February 1, 2015

College Selection: Private vs In-State Tuition

A college applicant (well, his father) recently asked me:

"Is it worth it to spend double for private college over going somewhere public (in-state), given the difference in tuition?"


My response:

This is a question that I can't really answer for you - it's a personal decision that only you can make. If you could predict with 100% certainty that you'll go on to graduate school, then it would likely make sense to save the money on undergrad. However, it's difficult to predict whether you'll actually go on to graduate school either directly after undergrad or in the not-so-near future. Things change.

I went to Columbia for undergrad and thought I would go on to graduate school at various points (even filling out applications), but then didn't. 

The "brand" of an Ivy League or other first-tier school carries a great deal of weight in a variety of areas. Pursuing any type of graduate school is less worthwhile than it used to be, so you may not end up going to graduate school in the end. Having a brand-name school on the resume (and to name-drop in various settings) is a valuable signal of intelligence/skills/aptitude, etc.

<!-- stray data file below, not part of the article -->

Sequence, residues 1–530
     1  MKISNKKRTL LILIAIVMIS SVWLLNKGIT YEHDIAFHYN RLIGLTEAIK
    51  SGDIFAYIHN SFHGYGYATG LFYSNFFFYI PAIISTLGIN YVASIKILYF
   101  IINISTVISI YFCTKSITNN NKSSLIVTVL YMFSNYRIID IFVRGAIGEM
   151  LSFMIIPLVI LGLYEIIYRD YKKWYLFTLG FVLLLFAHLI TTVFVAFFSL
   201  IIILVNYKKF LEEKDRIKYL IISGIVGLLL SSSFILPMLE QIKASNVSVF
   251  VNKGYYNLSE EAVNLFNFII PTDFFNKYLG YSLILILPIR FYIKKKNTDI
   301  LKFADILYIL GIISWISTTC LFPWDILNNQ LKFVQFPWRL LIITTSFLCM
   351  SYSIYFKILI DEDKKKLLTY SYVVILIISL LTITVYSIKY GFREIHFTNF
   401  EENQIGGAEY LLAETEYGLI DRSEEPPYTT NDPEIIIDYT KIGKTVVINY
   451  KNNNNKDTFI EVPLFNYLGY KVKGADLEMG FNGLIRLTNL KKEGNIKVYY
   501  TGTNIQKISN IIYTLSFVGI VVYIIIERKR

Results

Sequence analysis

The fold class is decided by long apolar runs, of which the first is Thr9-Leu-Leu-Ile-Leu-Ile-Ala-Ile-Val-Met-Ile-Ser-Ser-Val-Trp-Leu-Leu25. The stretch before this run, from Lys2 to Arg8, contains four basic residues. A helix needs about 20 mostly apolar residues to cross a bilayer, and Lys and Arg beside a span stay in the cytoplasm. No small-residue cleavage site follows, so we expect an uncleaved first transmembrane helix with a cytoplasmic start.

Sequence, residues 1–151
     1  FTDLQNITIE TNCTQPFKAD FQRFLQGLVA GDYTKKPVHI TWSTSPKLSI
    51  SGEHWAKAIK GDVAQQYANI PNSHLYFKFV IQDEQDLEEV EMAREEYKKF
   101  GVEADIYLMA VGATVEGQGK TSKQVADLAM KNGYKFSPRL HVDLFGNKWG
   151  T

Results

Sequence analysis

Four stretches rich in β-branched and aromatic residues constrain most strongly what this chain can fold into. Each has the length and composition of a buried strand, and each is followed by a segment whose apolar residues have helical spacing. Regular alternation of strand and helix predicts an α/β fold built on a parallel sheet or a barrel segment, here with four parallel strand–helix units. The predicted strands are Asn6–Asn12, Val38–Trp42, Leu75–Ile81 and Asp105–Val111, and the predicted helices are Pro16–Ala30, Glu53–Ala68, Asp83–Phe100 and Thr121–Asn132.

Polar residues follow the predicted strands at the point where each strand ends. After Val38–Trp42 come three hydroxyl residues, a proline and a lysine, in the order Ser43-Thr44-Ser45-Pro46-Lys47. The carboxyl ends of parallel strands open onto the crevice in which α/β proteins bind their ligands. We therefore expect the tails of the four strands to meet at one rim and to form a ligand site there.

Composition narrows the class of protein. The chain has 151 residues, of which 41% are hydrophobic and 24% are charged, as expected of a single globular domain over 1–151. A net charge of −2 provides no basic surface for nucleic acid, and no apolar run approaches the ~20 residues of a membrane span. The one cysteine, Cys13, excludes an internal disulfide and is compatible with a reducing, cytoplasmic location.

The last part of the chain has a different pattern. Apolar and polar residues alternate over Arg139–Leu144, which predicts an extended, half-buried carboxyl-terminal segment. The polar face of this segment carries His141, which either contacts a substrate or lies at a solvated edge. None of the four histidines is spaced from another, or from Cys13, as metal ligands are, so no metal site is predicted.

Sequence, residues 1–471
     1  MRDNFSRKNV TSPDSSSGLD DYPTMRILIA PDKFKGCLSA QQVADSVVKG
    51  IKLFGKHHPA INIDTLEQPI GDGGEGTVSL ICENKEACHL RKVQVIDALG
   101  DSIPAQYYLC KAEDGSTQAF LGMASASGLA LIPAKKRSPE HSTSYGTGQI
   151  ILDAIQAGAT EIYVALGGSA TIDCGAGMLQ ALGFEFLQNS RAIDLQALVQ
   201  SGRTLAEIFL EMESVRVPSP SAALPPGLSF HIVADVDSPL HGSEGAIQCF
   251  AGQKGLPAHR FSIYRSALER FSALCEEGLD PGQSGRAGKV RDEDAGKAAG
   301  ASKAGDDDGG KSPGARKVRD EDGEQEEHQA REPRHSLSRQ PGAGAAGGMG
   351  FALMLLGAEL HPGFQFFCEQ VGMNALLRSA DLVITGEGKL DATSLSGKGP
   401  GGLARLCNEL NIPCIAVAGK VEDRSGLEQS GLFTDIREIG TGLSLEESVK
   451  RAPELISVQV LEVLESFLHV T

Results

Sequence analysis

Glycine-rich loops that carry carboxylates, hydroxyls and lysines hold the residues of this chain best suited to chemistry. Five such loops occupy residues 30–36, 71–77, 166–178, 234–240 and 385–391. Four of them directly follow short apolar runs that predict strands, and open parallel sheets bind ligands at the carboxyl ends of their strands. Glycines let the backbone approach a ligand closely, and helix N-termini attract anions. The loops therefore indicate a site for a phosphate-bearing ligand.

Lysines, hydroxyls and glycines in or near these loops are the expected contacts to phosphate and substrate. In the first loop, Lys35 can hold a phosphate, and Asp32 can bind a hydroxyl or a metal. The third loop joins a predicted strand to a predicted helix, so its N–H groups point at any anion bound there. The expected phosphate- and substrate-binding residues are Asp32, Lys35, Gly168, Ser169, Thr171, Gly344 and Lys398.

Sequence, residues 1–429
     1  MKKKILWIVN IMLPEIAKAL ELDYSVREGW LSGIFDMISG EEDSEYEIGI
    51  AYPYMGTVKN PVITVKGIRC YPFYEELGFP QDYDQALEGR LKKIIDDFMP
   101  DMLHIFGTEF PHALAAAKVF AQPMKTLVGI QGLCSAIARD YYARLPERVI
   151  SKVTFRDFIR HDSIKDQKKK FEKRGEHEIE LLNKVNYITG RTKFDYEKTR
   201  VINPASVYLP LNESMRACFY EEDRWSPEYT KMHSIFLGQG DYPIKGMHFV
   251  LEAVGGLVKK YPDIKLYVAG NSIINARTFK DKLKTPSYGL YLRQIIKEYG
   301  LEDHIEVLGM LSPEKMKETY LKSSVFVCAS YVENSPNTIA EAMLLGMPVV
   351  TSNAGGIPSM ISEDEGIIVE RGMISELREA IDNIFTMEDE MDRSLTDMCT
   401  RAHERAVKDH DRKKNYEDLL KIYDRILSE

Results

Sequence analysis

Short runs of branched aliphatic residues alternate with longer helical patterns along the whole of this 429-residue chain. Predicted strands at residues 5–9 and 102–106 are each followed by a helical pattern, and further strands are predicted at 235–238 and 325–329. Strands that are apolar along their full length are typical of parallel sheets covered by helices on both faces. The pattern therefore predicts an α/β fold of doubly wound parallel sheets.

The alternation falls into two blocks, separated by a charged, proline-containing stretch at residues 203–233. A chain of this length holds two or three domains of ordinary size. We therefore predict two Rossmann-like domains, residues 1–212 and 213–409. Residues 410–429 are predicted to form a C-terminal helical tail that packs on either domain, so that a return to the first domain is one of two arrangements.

However, you may also want to consider the fact that private schools (not all are first-tier, of course) may provide sufficient grants/financial aid to the point where the tuition is about the same for private and public. I would recommend applying to both public and private schools, then making a decision based on the schools that best support the programs/areas in which your child is interested. 

If the public university provides an equal education and the cost ends up being much less than the private school, there is no need to focus on name recognition.

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